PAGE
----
The launch pad team “fought those fires, six of them in pairs of two entered the white room which was full of black, toxic smoke, they couldn’t breathe, they couldn’t see, they burned their hands, but they finally got those hatches off,” Tribe said. “Unfortunately, it was all in vain. It all happened so fast. This was all over in five minutes.”
In Los Angeles, Stafford had just climbed out of the Apollo capsule he was helping test when an emergency phone call came in. Astronaut Al Worden told him there had been a fire at the pad and all three astronauts were dead.
“I just didn’t understand it,” Stafford recalled. “I said, ‘Al, say that again. Are you sure?’ He said ‘yes, I’m sure. A fire in the spacecraft.'”
When the pad crew finally managed to get the hatch open, they found a charred interior and three bodies. The astronauts’ remains were not removed from the cockpit until well after midnight.
“A medical board was to determine that the astronauts died of carbon monoxide asphyxia, with thermal burns as contributing causes,” Benson and Faherty wrote. “The board could not say how much of the burns came after the three had died. Fire had destroyed 70 percent of Grissom’s spacesuit, 25 percent of White’s, and 15 percent of Chaffee’s. Doctors treated 27 men for smoke inhalation. Two were hospitalized.”
Grissom and Chaffee were buried at Arlington National Cemetery. White was interred at the United States Military Academy at West Point, N.Y.
Engineers would later determine the fire likely was caused by a spark from frayed wiring, or possibly by the release of combustible coolants, triggering fast-burning oxygen-driven flames aided by flammable materials throughout the cockpit. The bulky three-piece hatch acted as a barrier, trapping the crew inside an inferno.
The launch pad disaster put the Apollo program on indefinite hold, raising questions about whether NASA could meet President John F. Kennedy’s famous challenge to land astronauts on the moon by the end of the decade.
NASA management came under widespread criticism for its perceived rush to meet Kennedy’s ambitious timetable and spacecraft builder North American Aviation was blamed for design flaws that contributed to the disaster.
“A lead editorial in the New York Times spoke of the incompetence and negligence that became apparent as the full story of disaster came to light, but put the central blame on ‘the technically senseless’ and ‘highly dangerous’ dedication to the meaningless timetable of putting a man on the moon by 1970,” Benson and Faherty wrote.
The fire triggered deep soul searching by the space agency and its contractors, emotionally devastated by the loss of three astronauts trying to help America win the race to the moon.
“The nation mourned the Apollo loss and the program seemed to falter,” Tribe said. “To all of us down here, I think we felt a collective responsibility. They were our guys, they were part of our team, and we’d screwed up.
“The schedule pressure and the long hours we were all working back then made us focus so much on what we were doing we weren’t really aware of the big picture. We should never have put those three guys into that capsule that night. We had to do better if the program was to continue.”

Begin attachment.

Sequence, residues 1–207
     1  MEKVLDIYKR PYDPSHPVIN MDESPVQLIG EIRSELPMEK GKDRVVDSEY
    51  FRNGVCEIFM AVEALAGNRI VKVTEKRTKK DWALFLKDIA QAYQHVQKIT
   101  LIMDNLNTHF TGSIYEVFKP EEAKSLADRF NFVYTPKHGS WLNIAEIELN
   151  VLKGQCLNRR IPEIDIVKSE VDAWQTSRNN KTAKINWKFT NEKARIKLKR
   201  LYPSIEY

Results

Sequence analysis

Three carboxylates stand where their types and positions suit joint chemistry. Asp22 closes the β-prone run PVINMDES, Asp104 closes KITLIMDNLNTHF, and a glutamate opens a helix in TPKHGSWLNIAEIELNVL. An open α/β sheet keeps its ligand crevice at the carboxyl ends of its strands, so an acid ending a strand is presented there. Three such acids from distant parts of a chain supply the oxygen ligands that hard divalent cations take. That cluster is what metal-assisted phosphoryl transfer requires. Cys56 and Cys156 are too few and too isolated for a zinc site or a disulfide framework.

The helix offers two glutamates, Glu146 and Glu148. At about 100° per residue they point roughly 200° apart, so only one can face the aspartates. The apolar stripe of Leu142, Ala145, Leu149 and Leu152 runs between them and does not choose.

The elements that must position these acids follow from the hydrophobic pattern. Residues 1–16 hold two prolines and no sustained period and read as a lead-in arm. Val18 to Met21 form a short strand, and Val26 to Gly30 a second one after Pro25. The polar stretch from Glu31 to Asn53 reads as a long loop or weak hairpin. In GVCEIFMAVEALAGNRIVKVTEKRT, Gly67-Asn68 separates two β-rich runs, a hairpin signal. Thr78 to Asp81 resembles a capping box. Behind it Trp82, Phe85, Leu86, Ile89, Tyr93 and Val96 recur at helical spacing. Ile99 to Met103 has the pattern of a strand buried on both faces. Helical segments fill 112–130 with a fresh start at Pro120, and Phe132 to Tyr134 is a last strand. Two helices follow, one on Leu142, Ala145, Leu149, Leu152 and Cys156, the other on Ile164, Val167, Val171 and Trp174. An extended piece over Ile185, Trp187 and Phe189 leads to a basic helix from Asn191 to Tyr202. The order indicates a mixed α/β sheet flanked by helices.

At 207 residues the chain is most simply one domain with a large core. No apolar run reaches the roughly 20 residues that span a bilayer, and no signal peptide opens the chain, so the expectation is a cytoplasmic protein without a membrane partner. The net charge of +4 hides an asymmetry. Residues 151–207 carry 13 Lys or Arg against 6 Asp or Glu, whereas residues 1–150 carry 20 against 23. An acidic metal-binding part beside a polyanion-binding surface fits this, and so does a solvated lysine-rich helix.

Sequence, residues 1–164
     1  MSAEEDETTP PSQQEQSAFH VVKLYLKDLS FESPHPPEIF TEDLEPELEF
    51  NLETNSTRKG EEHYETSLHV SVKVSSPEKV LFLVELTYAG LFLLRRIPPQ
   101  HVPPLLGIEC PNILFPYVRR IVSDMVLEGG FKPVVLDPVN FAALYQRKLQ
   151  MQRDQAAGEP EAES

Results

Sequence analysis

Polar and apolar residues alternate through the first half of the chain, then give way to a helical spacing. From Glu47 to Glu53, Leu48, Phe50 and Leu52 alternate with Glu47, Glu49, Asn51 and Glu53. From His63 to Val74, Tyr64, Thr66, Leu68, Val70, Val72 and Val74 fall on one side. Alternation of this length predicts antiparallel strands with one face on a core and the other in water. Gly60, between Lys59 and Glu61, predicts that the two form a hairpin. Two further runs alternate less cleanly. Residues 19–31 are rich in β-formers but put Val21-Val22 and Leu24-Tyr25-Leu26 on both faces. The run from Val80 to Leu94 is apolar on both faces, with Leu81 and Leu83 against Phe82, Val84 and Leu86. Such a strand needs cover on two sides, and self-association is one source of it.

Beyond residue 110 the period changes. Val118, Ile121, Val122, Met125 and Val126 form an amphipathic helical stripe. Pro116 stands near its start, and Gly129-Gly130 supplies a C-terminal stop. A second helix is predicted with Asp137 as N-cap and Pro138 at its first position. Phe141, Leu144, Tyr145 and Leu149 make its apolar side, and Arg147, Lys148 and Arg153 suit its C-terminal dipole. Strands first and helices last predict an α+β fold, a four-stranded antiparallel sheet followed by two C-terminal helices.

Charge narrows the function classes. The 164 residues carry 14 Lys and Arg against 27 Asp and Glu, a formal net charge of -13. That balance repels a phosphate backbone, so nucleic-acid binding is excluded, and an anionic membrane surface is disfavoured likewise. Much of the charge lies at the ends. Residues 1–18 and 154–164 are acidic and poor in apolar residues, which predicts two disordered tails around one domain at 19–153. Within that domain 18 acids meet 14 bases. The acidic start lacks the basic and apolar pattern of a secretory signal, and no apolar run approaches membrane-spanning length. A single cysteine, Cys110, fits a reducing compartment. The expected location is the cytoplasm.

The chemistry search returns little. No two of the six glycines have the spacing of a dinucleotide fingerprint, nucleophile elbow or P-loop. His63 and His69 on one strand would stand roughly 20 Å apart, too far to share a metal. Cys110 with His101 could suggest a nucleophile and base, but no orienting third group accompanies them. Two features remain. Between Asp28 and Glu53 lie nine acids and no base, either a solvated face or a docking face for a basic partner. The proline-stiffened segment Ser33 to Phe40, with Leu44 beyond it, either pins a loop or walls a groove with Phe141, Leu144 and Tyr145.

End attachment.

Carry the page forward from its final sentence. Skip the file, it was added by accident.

President Lyndon Johnson, a long-time supporter of the space program, held firm in his support of the Apollo program and NASA set about correcting the problems that led to the fire.
An upgraded version of the Apollo command module featured a hatch that could be opened in five seconds. The 100 percent oxygen atmosphere inside the capsule was replaced by a mixture of 60 percent oxygen and 40 percent nitrogen at lower pressure. Flammable materials in the cockpit and in crew spacesuits were replaced by fire-resistant fabrics and materials and plumbing and wiring were protected by new insulation.
Finally, on Oct. 11, 1968, Apollo 7 commander Walter “Wally” Schirra, Walter Cunningham and Donn Eisele blasted off and thundered into orbit for a successful shakedown cruise of the redesigned command module. Nine months later, Apollo 11 commander Neil Armstrong and Buzz Aldrin landed on the moon.
On Friday, a memorial to the Apollo 1 crew was unveiled at the Kennedy Space Center visitor’s complex featuring crew mementos, video highlights of past missions and the three-piece hatch that that was locked in place during the countdown test five decades ago.
“Had that accident occurred in space, we’d have never known exactly what had happened,” Stafford said. “But we did find out what happened. We made so many changes. … In nine months we flew five missions, four of them on the giant Saturn 5, three of them had lunar modules and three of those to the moon, the most successful flight test program ever.
“But it started right back here with Apollo 1. And it’s so fitting that it is here on display so the public can see how we really did it. To all the families, God bless you, great to see you again. It’s an honor to be here.”
Said Tribe: “While some might say we got to the moon despite Apollo 1, I’d like to suggest we got to the moon because of Apollo 1.”
“Gus said if we die, we want people to accept it. The conquest of space is worth the risk of life. Gus, Ed and Roger paid that price in 1967 but they did not die in vain. The phoenix that arose from their sacrifice made the lunar landing possible and resurrected this nation’s pride at a time in our history when things were very tumultuous.
“I will never forget that crew. I will always recognize their ultimate contribution. Thank you Apollo 1.”